Offshore treatment providers are being published on the BMSB Offshore BMSB Treatment Providers Scheme webpage as they are approved.  Offshore treatment providers approved under the scheme must report all BMSB treatment certification issued using the department’s new Offshore BMSB Treatment Certificate Form. Further information on how to lodge the form is available on the 2019-20 BMSB season lodgement page.

Treatment reporting requirements – AEI

The Entity Identifier (AEI) number will again play a key role in identifying target high risk goods that have been treated for BMSB concerns offshore during the 2019-20 BMSB season.

The AEI must be entered for any treatments performed by an approved BMSB offshore treatment provider.

To improve efficiencies for industry there has been some changes to AEI reporting requirements for target high risk goods during the 2019-20 BMSB season. The AEI is now required to only be entered against the first tariff line of the import declaration.

The only exception is for BMSB treatments of break bulk cargo, where the AEI still needs to be entered against every line of target high risk goods.

The department has developed a new AEI reporting web page and guide to assist customs brokers and self-reporting importers with the reporting requirements for the AEI number.

Utilising AEPCOMM for target high risk goods

Accredited persons operating under class 19.2 automatic entry processing for commodities (AEPCOMM) approved arrangement will again be able to utilise AEPCOMM for the management of target high risk BMSB goods during the 2019-20 BMSB season. Pathways approved for AEPCOMM have now been authored into the BMSB hitchhiker pest BICON case and will be available through your BICON AEPCOMM user account. This replaces the class 19.2 Assessment Guide that was utilised during the 2018-19 BMSB season.

The department is working on further enhancements to AEPCOMM settings for target high risk goods and will provide further updates and information during the 2019-20 BMSB season to improve onshore management options.

Please review the available information in BMSB hitchhiker pest BICON case and contact AEP support if you require assistance with your AEPCOMM lodgements.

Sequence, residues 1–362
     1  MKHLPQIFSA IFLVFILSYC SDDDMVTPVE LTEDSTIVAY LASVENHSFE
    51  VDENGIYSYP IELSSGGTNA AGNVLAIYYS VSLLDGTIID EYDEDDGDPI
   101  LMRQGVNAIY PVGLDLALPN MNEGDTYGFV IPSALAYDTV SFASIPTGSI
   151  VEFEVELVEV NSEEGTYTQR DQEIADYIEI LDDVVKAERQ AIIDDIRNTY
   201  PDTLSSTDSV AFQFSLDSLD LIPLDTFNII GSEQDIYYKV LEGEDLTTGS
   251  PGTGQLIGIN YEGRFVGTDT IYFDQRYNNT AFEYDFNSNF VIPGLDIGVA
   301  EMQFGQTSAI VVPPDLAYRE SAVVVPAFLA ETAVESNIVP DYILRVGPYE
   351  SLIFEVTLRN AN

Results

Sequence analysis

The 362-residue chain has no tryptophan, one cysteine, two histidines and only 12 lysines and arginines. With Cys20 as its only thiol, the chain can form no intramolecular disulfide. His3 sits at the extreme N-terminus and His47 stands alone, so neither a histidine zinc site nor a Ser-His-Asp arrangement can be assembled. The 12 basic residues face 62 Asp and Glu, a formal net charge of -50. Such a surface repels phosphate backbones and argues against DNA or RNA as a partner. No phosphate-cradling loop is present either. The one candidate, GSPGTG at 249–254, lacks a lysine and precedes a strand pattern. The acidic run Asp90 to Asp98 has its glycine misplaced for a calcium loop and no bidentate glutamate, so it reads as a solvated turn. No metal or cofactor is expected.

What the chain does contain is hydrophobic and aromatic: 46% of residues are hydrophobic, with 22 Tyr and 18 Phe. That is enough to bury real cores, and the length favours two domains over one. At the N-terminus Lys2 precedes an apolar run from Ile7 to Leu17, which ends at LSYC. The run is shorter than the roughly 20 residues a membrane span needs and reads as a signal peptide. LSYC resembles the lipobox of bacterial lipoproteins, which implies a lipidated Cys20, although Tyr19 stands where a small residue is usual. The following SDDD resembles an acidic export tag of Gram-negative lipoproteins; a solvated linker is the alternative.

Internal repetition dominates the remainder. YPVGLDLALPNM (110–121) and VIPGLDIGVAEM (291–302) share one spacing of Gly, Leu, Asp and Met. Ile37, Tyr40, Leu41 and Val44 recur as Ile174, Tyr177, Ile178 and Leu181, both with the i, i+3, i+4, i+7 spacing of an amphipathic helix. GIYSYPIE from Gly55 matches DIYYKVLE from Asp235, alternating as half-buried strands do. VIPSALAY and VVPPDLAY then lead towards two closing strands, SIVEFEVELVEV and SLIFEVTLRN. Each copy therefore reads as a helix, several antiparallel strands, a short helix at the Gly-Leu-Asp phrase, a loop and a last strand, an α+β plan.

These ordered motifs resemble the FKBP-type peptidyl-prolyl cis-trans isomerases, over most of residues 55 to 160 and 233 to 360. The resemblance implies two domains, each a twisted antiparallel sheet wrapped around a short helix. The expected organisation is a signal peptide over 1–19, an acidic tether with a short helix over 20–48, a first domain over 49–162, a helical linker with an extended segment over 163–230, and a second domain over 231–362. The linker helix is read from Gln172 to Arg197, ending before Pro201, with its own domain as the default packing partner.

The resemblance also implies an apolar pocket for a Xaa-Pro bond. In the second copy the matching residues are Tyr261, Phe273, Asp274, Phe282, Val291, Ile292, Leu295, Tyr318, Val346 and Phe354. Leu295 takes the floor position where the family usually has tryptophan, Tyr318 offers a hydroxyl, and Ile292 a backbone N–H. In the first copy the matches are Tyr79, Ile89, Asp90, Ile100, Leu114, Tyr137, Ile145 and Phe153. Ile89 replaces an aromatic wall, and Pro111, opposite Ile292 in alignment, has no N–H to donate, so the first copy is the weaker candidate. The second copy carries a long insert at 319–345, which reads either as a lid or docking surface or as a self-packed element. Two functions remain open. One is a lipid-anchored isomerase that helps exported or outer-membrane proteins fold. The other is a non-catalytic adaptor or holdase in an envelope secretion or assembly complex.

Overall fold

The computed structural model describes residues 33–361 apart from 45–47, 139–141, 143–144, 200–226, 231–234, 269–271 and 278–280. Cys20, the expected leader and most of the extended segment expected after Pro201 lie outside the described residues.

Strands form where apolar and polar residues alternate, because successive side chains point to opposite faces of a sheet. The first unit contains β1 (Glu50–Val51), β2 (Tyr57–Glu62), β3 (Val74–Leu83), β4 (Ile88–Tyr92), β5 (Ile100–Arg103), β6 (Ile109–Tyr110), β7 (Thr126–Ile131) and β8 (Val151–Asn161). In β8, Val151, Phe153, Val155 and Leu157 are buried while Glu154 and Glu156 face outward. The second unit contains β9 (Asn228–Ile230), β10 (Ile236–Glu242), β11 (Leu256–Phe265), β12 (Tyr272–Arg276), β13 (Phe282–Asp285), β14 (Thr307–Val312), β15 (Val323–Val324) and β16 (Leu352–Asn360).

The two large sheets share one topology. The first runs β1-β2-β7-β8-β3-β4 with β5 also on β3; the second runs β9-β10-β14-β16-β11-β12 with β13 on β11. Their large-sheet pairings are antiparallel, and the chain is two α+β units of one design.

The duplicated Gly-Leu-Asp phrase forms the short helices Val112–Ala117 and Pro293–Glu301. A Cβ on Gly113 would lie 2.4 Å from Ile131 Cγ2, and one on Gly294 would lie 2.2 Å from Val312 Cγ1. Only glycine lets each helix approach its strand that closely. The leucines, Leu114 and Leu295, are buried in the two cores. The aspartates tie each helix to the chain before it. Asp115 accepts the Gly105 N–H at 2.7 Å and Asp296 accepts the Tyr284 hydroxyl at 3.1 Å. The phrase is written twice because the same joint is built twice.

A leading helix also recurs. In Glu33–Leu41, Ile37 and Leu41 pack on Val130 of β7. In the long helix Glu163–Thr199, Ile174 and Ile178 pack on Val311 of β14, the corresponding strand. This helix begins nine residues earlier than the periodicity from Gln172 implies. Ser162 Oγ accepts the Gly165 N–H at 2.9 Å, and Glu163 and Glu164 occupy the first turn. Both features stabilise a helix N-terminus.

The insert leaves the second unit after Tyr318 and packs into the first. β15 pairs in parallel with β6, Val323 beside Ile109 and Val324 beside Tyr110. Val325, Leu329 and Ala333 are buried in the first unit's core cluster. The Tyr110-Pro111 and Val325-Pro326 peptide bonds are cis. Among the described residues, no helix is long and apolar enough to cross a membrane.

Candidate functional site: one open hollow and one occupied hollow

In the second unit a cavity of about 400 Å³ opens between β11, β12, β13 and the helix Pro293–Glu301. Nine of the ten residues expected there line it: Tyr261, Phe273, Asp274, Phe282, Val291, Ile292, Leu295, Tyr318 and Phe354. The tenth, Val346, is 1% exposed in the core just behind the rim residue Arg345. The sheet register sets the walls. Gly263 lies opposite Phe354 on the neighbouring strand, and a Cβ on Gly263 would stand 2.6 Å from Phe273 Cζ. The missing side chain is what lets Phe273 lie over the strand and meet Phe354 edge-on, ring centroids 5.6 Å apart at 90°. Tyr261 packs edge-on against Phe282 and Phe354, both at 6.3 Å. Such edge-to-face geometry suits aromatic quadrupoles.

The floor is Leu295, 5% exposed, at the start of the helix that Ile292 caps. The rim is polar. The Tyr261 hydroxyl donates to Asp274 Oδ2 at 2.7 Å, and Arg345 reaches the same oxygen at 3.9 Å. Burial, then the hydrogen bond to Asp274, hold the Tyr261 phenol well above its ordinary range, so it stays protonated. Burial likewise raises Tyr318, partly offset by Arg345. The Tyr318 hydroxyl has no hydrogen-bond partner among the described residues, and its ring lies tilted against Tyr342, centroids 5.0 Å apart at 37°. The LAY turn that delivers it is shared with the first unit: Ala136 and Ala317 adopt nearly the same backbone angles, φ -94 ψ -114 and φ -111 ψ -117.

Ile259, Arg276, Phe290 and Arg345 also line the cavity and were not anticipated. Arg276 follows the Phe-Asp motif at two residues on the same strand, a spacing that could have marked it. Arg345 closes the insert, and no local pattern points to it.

Further information

For further information regarding BMSB seasonal measures, can be found on the BMSB webpage agriculture.gov.au/bmsb or for policy information email Seasonal Pests Policy.

The Brown marmorated stink bug (BMSB) hitchhiker pest BICON case has been updated for the 2019-20 risk season and will be published shortly.

If you have any questions or queries, please contact Orbit Logistics.


BMSB Safeguarding draft application form

 

The Department of Agriculture (the department) has provided to DCCC members the following draft copies of the safeguarding application form, additional supply chain details form and a draft of the biosecurity hitchhiker pest contamination guide to assist importers in preparing their applications.
These documents will become available on the department’s website in the coming weeks as sample documents to allow importers to familiarise themselves with the requirements of the scheme and application process prior to the scheme opening for broader applications.

Why BMSB Safeguarding Arrangements ?
The department is developing a new safeguarding arrangements scheme to allow certain goods and supply chains to be recognised under safeguarding arrangements.
Under the scheme, approved participants (importers, NOT customs brokers and forwarders) will be recognised for their ability to manage biosecurity risk offshore, including seasonal hitchhiker pest risk such as BMSB, from the point of manufacture to the point of embarkation.
The scheme will consider the ability of the entity to manage and reduce biosecurity risk by providing risk management plans of the goods they expect to import that may be susceptible to infestation by seasonal hitchhiker pests and/or other contaminants.
The scheme is being trialled with a small number of select importers before being opened to all other importers, however it is unlikely the scheme will be available for the start of the BMSB season and opened to all importers.
We will keep you informed of any further developments as more information on the scheme is made available soon by the department.
Any specific questions relating to the policy for seasonal pests can be emailed to spp@agriculture.gov.au


New, hefty fines for misdeclared cargo

Hapag-Lloyd- AFTER several high-profile incidents such as the Yantian Express fire in January, several ocean carriers have announced heavy fines for misdeclaring hazardous cargo.

Hapag-Lloyd recently announced it would levy a US$15,000 fine for misdeclared hazardous cargo, and said it would hold the shipper liable for all costs and consequences related to violations, fines, damages, incidents, claims and corrective measures resulting from undeclared or misdeclared cargoes.

A statement from the company said it was in the overall interest of safe operation onboard.

“Failure to properly offer and declare hazardous cargoes prior to shipment is a violation of the Hazardous Material Regulations,” the statement said. “Such violations may be subject to monetary fines and/or criminal prosecution under applicable law.”

TT Club has welcomed such initiatives. The international transport insurer said it had growing concerns about the lax cargo packing practices and erroneous, sometimes fraudulent, declaration of cargoes.

TT Club risk management director Peregrine Storrs-Fox said it was clear the shipper has primary responsibility to declare fully and honestly so the carriers are able to take appropriate actions to achieve safe transport.